Thursday, July 17, 2008

Take a fresh look at your 'resources' (read human beings)

Dave Armano has another corking post at Logic + Emotion
He describes the growing impact of quality real-live human interactions as effective marketing in mediums such as twitter.
One line really rang my bells:

"We’ve become so starved for authentic live human contact that when it’s offered up to us we are all too happy to rejoice and tell the world."
I commented on Dave's blog, but I wanted to expland a little here.

Real live human one-to-one (or many-to-many in a community setting) interaction has a really positive impact on us. And then we take that and have really positive impacts on each other (we do the marketing). Just look at my experience with Qik for example.

This need for the human voice and human interaction is often kind of understood by senior company types. But the response I most often hear is:
"But how can we afford to have all the people this would take?"
That kind of misses the point. It assumes you have to have specialised team who 'do' customer service.

But human interaction is much more than customer service. Human interaction should be what we all do. Hell, it IS what we all do.

So instead of thinking about the cost of additional people in additional new silos, think about unleashing the staff - the humans - you already have.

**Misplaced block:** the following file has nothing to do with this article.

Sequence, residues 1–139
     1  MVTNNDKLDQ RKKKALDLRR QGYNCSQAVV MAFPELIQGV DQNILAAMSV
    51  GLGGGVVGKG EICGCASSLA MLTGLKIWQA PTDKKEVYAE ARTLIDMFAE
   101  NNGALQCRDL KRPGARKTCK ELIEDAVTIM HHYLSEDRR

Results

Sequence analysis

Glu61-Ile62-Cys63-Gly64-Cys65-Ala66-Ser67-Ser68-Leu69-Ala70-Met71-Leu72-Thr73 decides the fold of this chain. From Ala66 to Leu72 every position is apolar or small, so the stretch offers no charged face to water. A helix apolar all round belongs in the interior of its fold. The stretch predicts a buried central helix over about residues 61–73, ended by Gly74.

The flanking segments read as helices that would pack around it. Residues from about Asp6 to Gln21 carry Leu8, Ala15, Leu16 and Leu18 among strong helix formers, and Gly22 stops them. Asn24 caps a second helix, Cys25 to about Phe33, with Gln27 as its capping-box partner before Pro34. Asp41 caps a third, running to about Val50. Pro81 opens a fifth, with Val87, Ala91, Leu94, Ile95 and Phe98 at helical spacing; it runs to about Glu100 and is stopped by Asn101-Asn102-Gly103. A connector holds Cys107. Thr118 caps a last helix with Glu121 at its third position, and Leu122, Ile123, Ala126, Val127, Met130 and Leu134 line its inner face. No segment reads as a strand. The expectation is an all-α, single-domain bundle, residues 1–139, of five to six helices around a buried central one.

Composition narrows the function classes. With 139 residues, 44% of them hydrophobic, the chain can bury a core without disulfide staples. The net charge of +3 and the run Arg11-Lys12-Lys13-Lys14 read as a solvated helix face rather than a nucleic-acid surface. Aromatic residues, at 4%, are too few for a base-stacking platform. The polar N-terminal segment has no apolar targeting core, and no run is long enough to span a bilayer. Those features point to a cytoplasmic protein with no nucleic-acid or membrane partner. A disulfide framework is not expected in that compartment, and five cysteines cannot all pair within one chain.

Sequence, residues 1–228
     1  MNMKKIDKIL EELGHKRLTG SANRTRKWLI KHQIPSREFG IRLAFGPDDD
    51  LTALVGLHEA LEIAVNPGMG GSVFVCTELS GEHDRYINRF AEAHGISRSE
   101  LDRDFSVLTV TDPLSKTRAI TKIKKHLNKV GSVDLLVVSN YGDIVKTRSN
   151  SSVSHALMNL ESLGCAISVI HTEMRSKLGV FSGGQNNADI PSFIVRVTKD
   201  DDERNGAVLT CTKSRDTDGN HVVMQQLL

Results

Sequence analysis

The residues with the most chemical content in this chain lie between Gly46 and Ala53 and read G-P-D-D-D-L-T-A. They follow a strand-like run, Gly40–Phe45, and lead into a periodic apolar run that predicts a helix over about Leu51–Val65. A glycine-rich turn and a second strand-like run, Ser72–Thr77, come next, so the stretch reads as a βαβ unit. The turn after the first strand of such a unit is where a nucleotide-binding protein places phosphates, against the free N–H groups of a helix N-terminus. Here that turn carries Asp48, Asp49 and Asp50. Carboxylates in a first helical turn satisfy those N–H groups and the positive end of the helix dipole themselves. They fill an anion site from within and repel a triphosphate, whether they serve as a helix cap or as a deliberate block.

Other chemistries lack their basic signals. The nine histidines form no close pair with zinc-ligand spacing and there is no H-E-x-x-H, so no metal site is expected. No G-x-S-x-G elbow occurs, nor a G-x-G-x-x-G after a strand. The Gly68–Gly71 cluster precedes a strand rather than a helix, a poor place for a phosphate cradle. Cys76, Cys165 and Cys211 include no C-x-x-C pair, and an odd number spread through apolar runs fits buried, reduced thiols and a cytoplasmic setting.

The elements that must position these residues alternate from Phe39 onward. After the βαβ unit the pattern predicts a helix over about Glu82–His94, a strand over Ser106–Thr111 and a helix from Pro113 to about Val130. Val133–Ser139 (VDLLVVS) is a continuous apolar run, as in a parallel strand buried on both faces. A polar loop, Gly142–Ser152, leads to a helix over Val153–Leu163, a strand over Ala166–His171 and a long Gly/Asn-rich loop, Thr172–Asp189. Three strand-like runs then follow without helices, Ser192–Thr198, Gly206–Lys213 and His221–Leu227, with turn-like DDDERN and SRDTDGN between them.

Marketing, advertising, customer service, promotions, new product development, M&A etc etc it can all come spilling out of its silos and beyond the company firewall where people can interact with people. And as Dave points out digital stuff helps make this more effective than ever.

Too often we make helping customers some 'ones' responsibility, or some department's, - By sealing that responsibility into a specialised department we sign it off as 'job done'. The impact is to either explictly or implicitly make everyone else ignore and 'get on with their day jobs'.

It's a side effect of the specialisation mass production forced on us - together with an unhealthy dose of scientific management techniques.

But as we rediscover that humans aren't made more efficient by being made more machine-like, the silo walls will dissolve and we'll be allowed to get on with being human. More forward thinking management techniques and companies are already applying them.

And, as Dave points out, being human makes an awful lot of sense when you want to sell to other humans.

The rate of change is so rapid it's difficult for one person to keep up to speed. Let's pool our thoughts, share our reactions and, who knows, even reach some shared conclusions worth arriving at?